level rates for the full ocean depth using measured rates for the upper 700 m by other investigators (Table 3.1) and the Domingues et al. (2008) value for the deep ocean below 700 m (Table 3.2). For the longer observational period (approximately five decades), the committee calculated rates ranging from 0.5 ± 0.12 mm yr-1 (based on Ishii and Kimoto, 2009) to 0.59 ± 0.11 mm yr-1 (based on Ishii, personal communication, 2011). These rates are lower than the Domingues et al. (2008) rates, but they are comparable within errors. For the post-1993 observational period, the committee’s calculated rates are 1.0 ± 0.19 mm yr-1 and 1.43 ± 0.31 mm yr-1 (Table 3.2). The most recent estimate of Ishii (personal communication, 2011) is comparable to estimates of Domingues et al. (2008) and Church et al. (2011), within their reported errors.

The above estimates of the global thermosteric sea-level trend and its variability on interannual and decadal timescales differ, sometimes substantially. For example, Domingues et al. (2008) shows a continued thermosteric sea-level rise after 2004, whereas Levitus et al. (2009) and Ishii and Kimoto (2009) show a plateau (top panel of Figure 3.1). These differences result from uncertainties in the data and the choice of instrument bias corrections, processing approach, baseline mean climatology, mapping technique, and treatment of unsampled or undersampled areas. Correcting for XBT fall-rate bias reduced the errors in the thermosteric sea-level trend (S. Levitus, personal communication, 2011). However, uncertainties in the bias corrections remain the dominant source of error, especially for recent decades (Ishii and Kimoto 2009; Willis et al., 2009; Gouretski and Reseghetti, 2010; Lyman et al., 2010).

Different data processing approaches also may account for some differences among thermosteric sea-level estimates, such as the relatively high estimates of Domingues et al. (2008) for 1961–2003 and the relatively low estimates of Ishii (personal communication, 2011) for 1961–2008 for the upper 700 m. The treatment of data in unsampled and undersampled regions of the world’s oceans also can introduce uncertainties (Purkey and Johnson, 2010). Sampling problems are particularly acute in the Southern Ocean and likely result in estimates of thermosteric sea-level rise that are biased low (Gille, 2008; Church et al., 2010).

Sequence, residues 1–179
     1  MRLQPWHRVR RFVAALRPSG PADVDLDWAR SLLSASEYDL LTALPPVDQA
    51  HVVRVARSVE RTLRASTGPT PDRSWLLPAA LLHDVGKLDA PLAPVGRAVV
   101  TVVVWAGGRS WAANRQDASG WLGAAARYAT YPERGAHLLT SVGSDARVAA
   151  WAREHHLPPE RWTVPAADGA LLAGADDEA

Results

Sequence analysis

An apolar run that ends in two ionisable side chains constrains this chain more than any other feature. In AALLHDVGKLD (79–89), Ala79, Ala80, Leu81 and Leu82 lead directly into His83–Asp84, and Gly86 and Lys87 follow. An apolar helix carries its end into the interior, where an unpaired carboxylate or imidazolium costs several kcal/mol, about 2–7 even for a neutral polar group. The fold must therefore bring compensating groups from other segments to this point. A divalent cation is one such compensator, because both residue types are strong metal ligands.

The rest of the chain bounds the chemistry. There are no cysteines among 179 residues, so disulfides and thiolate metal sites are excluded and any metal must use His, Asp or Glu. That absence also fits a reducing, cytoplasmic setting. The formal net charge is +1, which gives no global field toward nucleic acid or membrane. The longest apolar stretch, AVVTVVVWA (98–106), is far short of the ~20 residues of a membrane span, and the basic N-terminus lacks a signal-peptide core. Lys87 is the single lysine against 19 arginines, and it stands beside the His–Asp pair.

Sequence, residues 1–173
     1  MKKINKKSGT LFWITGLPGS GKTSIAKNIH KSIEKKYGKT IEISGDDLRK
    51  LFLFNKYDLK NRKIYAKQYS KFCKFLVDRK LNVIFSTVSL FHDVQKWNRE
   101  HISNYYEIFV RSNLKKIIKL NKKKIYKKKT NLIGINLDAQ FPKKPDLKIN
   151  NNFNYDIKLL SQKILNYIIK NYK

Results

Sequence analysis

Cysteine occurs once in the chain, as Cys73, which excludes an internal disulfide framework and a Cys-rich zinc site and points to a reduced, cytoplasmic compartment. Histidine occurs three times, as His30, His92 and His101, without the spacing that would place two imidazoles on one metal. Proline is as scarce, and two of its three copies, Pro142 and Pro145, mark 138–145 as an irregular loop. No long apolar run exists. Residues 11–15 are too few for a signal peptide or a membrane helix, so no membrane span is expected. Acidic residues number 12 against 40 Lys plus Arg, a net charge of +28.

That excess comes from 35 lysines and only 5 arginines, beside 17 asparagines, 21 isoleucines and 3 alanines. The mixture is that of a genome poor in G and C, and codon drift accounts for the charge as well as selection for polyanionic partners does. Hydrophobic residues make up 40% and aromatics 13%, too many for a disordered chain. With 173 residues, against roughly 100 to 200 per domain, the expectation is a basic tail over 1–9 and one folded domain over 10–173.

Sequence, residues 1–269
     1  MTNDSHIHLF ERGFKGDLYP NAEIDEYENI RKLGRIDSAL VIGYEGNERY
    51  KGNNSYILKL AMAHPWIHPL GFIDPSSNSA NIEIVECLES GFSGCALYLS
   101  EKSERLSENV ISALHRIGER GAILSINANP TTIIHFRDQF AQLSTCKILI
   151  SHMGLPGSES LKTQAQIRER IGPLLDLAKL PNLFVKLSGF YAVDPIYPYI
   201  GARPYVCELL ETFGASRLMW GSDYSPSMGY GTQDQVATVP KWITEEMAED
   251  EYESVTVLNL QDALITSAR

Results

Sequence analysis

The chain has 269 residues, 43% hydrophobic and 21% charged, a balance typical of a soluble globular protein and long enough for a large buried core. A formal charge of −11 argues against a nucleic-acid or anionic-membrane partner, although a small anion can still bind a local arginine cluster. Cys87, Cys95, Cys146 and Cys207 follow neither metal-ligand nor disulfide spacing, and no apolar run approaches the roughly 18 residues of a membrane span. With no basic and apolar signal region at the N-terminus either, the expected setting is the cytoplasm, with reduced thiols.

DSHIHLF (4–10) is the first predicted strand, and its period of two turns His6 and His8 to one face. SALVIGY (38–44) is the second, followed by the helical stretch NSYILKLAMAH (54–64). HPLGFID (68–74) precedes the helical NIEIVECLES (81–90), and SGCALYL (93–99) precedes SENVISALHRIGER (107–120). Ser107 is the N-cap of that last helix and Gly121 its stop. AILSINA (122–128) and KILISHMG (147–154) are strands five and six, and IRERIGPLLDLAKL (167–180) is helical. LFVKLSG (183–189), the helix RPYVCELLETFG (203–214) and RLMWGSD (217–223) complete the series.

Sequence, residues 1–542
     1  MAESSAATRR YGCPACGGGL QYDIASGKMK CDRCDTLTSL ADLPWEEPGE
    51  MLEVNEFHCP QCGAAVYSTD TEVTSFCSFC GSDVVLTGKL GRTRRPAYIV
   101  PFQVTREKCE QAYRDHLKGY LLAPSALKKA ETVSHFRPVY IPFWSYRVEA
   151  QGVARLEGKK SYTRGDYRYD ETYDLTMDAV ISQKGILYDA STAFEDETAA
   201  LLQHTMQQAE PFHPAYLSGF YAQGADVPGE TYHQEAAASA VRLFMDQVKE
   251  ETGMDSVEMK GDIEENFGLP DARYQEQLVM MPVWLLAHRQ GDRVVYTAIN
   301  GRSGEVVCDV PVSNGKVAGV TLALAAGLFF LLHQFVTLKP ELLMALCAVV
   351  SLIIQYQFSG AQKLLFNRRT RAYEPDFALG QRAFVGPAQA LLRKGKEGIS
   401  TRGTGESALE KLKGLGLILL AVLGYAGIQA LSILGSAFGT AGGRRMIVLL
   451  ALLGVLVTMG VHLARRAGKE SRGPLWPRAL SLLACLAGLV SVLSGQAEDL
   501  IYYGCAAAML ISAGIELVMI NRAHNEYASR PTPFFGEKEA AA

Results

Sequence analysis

The warming observed in the upper ocean also has been inferred from ocean-atmosphere climate models. For example, Pierce et al. (2006) found general consistency between models and observations for ocean warming, with the signal disappearing around 600 m depth. Climate model simulations also suggest heat uptake by the deep ocean (Katsman and van Oldenborgh, 2011; Meehl et al., 2011). Song and Colberg (2011), using an ocean general circulation model constrained by sea-surface temperature and atmospheric radiation measurements, found a strong warming signal of 1.1 mm yr-1 below 700 m for the 1993–2008 period. This value is much higher than observational estimates (Purkey and Johnson, 2010; Kouketsu et al., 2011; Loeb et al., 2012), for reasons that are currently under debate.

Data Assimilation

Ocean data assimilation techniques can be used to obtain estimates of deep-ocean warming and the resulting thermosteric sea-level rise by constraining the numerical models with available data. There are, however, significant differences between the various data assimilation products and direct observations, arising in part from uncertainties in direct observa-

TABLE 3.2 Committee Estimates of Thermosteric Sea-Level Rise for the Full Ocean Depth

Data Source Used in the Estimate


Thermosteric Sea-Level Rise Estimates, This Report (mm yr-1)a

Ishii and Kimoto (2009)


0.5 ± 0.12

Kuo and Shum (personal communication, 2011)


0.53 ± 0.14

Ishii (personal communication, 2011)


0.59 ± 0.11

Ishii and Kimoto (2009)


1.43 ± 0.31

Ishii (personal communication, 2011)


1.0 ± 0.19

a Calculated from estimates of the upper 700 m of the ocean by various investigators and the Domingues et al. (2008) rate of 0.2 ± 0.1 mm yr-1 for the deep ocean below 700 m.

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